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Dec 4, 2013

Google’s humanoid robots take on Amazon’s courier drones

Posted by in categories: business, engineering, robotics/AI

Android developer Andy Rubin leads new robotics division that aims to complete online shopping with home delivery by droids
, telecoms correspondent
The Guardian,

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Dec 4, 2013

Congress members push privacy bills in response to Amazon delivery drones

Posted by in categories: drones, ethics, government, law, policy, privacy

Will drones give you better shopping recommendations by watching your house?

By Adi Robertson on

http://cdn3.sbnation.com/entry_photo_images/9510337/prime-air_high-resolution02_large_verge_medium_landscape.jpg

Since Jeff Bezos announced Amazon’s hypothetical delivery-by-octocopter service earlier this week, its drones have become a point of focus for existing debates over privacy, regulation, and “disruptive” technology. The plan has given a sense of urgency to questions about widespread governmental and commercial drone use, and a new hook for members of Congress trying to answer those questions through legislation. Yesterday, Rep. Ted Poe (R-TX) became the second member of Congress to raise the specter of Amazon Prime Air to support an anti-surveillance bill, giving a sometimes colorful account of how the drones could change our future.

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Dec 4, 2013

Virgin’s space passengers can pay with Bitcoin

Posted by in categories: bitcoin, fun, space, transportation

richard branson virgin galactic

Good news, future space travelers: Now you can enter the void without bringing your wallet.

U.K. business magnate Richard Branson announced Friday that his commercial space travel venture, Virgin Galactic, will allow customers to pay for their flights with the digital currency Bitcoin.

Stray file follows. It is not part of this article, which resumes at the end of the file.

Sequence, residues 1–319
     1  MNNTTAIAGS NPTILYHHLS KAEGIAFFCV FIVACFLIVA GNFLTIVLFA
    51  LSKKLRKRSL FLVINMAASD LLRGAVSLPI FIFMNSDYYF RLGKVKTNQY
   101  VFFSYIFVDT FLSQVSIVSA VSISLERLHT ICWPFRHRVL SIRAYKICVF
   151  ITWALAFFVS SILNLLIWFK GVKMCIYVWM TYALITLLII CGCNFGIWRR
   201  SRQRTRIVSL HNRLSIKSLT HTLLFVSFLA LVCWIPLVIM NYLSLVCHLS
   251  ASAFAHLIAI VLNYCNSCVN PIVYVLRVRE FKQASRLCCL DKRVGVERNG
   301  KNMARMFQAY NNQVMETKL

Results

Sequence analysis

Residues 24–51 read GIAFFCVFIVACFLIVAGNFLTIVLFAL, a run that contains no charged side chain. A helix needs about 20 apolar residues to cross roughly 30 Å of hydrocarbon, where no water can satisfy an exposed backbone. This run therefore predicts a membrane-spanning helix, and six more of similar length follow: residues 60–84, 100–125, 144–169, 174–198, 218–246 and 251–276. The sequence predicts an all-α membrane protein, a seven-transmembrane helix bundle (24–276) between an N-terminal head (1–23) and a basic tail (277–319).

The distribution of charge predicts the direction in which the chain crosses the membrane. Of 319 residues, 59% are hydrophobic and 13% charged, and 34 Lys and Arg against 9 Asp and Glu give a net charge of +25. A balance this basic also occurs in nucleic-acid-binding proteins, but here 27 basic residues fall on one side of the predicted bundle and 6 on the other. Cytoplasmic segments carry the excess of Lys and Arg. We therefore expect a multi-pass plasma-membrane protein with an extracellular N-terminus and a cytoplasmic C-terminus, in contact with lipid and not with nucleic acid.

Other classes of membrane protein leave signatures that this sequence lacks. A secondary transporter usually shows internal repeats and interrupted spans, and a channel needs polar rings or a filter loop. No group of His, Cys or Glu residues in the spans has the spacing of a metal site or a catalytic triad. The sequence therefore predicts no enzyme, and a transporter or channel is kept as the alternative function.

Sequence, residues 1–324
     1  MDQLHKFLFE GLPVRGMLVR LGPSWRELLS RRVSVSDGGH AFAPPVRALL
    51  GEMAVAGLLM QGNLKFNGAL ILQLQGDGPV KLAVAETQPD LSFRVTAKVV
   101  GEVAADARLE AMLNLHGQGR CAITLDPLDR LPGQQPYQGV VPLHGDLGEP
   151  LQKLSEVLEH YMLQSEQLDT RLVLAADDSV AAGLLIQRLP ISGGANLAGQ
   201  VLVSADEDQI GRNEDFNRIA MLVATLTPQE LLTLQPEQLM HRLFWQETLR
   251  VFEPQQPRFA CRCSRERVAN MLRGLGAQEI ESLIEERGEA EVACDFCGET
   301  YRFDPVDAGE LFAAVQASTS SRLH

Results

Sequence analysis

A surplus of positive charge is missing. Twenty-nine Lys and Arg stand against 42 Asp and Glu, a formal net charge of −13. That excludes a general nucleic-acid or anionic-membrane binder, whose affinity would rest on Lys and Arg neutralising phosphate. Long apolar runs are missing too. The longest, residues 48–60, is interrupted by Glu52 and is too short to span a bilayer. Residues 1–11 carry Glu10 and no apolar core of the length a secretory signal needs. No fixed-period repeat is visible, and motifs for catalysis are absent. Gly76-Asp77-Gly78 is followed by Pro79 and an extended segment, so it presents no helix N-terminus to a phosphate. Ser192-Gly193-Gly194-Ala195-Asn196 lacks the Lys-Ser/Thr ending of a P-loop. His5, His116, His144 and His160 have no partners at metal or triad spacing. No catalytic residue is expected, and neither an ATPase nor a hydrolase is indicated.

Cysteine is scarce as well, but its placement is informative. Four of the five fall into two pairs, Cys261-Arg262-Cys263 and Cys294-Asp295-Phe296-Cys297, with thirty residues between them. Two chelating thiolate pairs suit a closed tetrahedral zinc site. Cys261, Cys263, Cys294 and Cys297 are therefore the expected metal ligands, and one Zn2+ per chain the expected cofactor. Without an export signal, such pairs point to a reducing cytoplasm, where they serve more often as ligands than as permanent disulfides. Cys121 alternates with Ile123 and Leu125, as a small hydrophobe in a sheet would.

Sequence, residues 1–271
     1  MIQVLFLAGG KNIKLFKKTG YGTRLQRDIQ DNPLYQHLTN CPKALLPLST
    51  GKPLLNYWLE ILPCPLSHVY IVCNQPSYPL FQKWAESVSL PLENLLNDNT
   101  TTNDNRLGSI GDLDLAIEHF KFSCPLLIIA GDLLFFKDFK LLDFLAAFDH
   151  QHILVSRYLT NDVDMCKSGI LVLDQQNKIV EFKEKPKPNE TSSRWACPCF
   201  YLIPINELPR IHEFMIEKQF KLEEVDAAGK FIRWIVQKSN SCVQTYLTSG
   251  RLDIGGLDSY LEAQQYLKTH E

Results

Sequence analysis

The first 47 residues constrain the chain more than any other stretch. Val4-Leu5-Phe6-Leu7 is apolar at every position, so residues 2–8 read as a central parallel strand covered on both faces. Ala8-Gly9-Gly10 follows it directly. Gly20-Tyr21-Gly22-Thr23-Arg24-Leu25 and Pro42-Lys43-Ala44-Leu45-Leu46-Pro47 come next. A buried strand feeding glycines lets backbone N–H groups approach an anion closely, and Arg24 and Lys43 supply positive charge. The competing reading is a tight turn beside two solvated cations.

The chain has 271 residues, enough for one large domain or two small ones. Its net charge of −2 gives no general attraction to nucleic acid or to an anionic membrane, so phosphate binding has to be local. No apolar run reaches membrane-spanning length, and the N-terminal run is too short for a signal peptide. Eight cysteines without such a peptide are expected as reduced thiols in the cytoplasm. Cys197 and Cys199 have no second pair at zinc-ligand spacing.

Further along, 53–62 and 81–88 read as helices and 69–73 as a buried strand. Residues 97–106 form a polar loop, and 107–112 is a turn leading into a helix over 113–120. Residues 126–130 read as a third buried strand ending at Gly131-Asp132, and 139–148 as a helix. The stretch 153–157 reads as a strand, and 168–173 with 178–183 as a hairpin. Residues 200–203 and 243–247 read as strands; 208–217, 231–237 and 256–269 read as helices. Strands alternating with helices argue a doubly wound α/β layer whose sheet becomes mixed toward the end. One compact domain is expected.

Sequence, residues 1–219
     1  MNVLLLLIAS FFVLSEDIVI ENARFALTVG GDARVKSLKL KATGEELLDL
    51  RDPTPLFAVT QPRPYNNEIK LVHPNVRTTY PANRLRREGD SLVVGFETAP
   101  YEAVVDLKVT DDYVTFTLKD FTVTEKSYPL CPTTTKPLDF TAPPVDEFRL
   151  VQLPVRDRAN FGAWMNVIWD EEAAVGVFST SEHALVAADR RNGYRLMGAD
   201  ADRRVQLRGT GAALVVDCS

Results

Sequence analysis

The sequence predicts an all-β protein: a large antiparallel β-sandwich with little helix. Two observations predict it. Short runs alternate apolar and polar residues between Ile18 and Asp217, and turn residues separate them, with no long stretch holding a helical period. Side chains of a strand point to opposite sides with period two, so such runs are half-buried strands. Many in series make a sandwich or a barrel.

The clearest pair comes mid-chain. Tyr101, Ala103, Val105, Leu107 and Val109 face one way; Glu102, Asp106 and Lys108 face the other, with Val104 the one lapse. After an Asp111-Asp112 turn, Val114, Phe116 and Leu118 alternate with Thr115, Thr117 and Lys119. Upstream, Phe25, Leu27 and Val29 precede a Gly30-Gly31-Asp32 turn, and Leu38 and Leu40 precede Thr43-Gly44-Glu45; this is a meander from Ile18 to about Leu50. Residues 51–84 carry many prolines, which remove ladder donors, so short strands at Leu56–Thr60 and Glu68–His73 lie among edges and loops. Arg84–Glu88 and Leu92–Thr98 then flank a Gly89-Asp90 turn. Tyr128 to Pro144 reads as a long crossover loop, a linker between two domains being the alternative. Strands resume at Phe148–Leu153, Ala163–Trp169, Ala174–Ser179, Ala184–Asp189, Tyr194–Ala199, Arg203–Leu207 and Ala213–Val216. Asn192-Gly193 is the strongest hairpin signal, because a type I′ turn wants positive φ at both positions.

“Virgin Galactic is a company looking into the future, so is Bitcoin. So it makes sense we would offer Bitcoin as a way to pay for your journey to space.” Branson wrote in a blog post.

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Dec 2, 2013

Predictive Analytics is the Next Growing Sector in Big Data Market

Posted by in categories: big data, complex systems

By On November 30, 2013

The theme of Big Data has spawned a tremendous amount of attention and investor interest in recent years. While much of the big data hype has focused on the storage, structured and unstructured processing technologies, London based investment bank GP Bullhound predicted that some of the most exciting developments are in the fields of Predictive Analytics and Advanced Visualization.

The “Exabyte Research Report” of the international tech investment bank GP Bullhound shows why the investment activities currently skyrocket. Based on over 30 interviews with technology providers, investors and customers, the study shed light on developments in the Big Data market. As per report, big data has already furnished $1.4 billion worth of investment over the last 12 months and has been able to achieve revenue of more than 200 per cent last year.

A large chunk of progress is coming from processing information and using analytics. The report said over 17 percent of information processing individuals eventually use big data analytics and the number is expected to progress to over one third of information workers by 2016.

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Dec 2, 2013

The first person in the world to become a government-recognized cyborg

Posted by in categories: cyborgs, posthumanism, transhumanism

The first person in the world to become a government-recognized cyborg

Annalee Newitz on io9

Neil Harbisson is the first person on the planet to have a passport photo that shows his cyborg nature — in his UK passport, he’s wearing a head-mounted device called an eyeborg. The color-blind artist says the eyeborg allows him to see color, and he wants to help other cyborgs like himself gain more rights.

Anyone who has ever gotten a passport photo knows Harbisson has accomplished something that once seemed bureaucratically impossible. Other people with cyborg headgear, like Steve Mann, have had their gear forcibly removed and been refused entrance into buildings for wearing devices on their heads. But with a passport photo that shows the eyeborg as part of Harbisson’s face, somebody trying to rip his augmentation off would be committing a violent crime equivalent to injuring his face.